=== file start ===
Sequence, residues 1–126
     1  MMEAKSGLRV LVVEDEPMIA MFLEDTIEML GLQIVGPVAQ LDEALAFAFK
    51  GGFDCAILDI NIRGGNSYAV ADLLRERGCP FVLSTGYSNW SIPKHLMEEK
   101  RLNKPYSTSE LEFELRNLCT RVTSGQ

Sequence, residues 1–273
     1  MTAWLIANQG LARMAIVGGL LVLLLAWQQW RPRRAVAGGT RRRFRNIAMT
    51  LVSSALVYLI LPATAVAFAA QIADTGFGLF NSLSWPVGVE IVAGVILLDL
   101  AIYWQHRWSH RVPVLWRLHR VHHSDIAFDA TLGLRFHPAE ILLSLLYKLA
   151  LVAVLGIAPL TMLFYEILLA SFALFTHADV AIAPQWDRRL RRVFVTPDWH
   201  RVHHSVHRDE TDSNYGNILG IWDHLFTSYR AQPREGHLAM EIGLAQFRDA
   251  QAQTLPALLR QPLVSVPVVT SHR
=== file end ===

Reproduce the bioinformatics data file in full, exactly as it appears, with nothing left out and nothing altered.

Sequence, residues 1–126
     1  MMEAKSGLRV LVVEDEPMIA MFLEDTIEML GLQIVGPVAQ LDEALAFAFK
    51  GGFDCAILDI NIRGGNSYAV ADLLRERGCP FVLSTGYSNW SIPKHLMEEK
   101  RLNKPYSTSE LEFELRNLCT RVTSGQ

Sequence, residues 1–273
     1  MTAWLIANQG LARMAIVGGL LVLLLAWQQW RPRRAVAGGT RRRFRNIAMT
    51  LVSSALVYLI LPATAVAFAA QIADTGFGLF NSLSWPVGVE IVAGVILLDL
   101  AIYWQHRWSH RVPVLWRLHR VHHSDIAFDA TLGLRFHPAE ILLSLLYKLA
   151  LVAVLGIAPL TMLFYEILLA SFALFTHADV AIAPQWDRRL RRVFVTPDWH
   201  RVHHSVHRDE TDSNYGNILG IWDHLFTSYR AQPREGHLAM EIGLAQFRDA
   251  QAQTLPALLR QPLVSVPVVT SHR